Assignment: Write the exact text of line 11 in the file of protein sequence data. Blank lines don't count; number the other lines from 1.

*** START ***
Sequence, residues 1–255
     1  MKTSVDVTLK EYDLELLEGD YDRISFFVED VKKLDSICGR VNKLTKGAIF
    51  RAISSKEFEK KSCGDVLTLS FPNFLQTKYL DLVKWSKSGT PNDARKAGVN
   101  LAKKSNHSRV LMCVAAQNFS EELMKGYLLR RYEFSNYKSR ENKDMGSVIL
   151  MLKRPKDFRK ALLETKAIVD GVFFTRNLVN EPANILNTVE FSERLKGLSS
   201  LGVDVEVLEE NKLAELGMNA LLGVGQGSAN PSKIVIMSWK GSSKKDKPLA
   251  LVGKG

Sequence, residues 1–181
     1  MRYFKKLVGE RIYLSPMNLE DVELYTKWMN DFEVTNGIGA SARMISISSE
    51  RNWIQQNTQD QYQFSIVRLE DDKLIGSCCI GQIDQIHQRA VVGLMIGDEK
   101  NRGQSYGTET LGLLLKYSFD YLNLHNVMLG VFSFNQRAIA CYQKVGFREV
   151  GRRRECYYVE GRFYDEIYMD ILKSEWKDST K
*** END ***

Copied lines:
   101  NRGQSYGTET LGLLLKYSFD YLNLHNVMLG VFSFNQRAIA CYQKVGFREV